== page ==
As an advocate for environmental causes, Rogelio Figueroa has distinguished himself as a deft pilot in stormy weather. As the leader of a political party, Figueroa is a kamikaze, flying blind to a willful death.
I've already touched on this topic, but it bears revisiting, if only to show that there's more to this political demise than mere fatalism. It is a structural problem, stemming first from ego, then from a lack of understanding of the roles needed to institutonalize long-term political success.
Setting ego aside for the moment, what Figueroa fails to understand is that he has been an advocate for well over a decade, but a political party--like any organization--is run by a decision-maker. The difference? Let Me quote Morgan Jones, author of The Thinker's Toolkit:
(A)dvocacy does work--when someone other than the advocator makes the decision... But when the advocator is also the decision-maker, advocacy can be destructive of sound, effective and profitable solutions because advocacy feeds and perpetuates our mind-sets, biases, beliefs and prejudices. It thus nurtures our tendency to focus and, in doing so, destroys our objectivity. When we defeat objectivity, we limit, even prevent, our full understanding of the problem. (Emphasis in the original.)
Hewing to the traditional fossilized view of party structure, where the gubernatorial candidate is automatically the party president, Figueroa has anointed himself the chosen one, thinking that the consolidation of power and authority in his hands is the obvious best choice because he simply knows better than anyone else. He thinks he's the brains and heart of this outfit and that there just can't be a better man for the job.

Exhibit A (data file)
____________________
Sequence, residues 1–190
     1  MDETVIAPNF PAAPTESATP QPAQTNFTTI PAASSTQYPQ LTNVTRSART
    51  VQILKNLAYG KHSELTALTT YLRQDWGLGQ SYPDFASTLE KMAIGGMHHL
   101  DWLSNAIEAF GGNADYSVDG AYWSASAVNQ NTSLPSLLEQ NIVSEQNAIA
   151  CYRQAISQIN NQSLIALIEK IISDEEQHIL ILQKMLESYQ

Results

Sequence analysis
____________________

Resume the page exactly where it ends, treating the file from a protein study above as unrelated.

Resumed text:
He's right: He is the heart of the party. He is the passionate advocate who steered this group into a new arena, extending their concerns from a single cause (albeit a fundamentally important one) into a political party that seeks to make changes across many causes.
And that is as far as he goes in being right. An advocate who thrusts himself/herself into the role of leader/decision-maker is headed for a thunderous crash, for where advocacy takes heart and passion can serve as overwhelming force, to play the political game takes organization and organization takes brains. And quite simply, Rogelio Figueroa doesn't have the brain to run a political party.
I'm not talking about lack of brainpower, but about a lack of experience, vision and objectivity. He may claim to have vision, but his vision is that of an advocate, not of a party leader. Whereas an advocate races to a horizon, a party leader navigates the speedbumps and obstacles right in front of him/her. Where an advocate takes stands, a party leader builds roads. And where an advocate preaches, a party leader negotiates.
Rogelio Figueroa is an advocate, not a party leader. He will race to the horizon he sees, locked into a position and refusing to make corrections while his political opponents build mountains in front of him. No one will be able to alter the course or divert the plane from its impending doom. Inevitably, Rogelio Figueroa, the PPR's kamikaze, will crash, his path to calamity but another case study of ego-driven failure.
Can this be avoided? Given what I've seen so far, not a chance. There's something funny about a kamikaze who's into his 22nd mission, but about one who succeeds there's only tragedy.
The Jenius Has Spoken.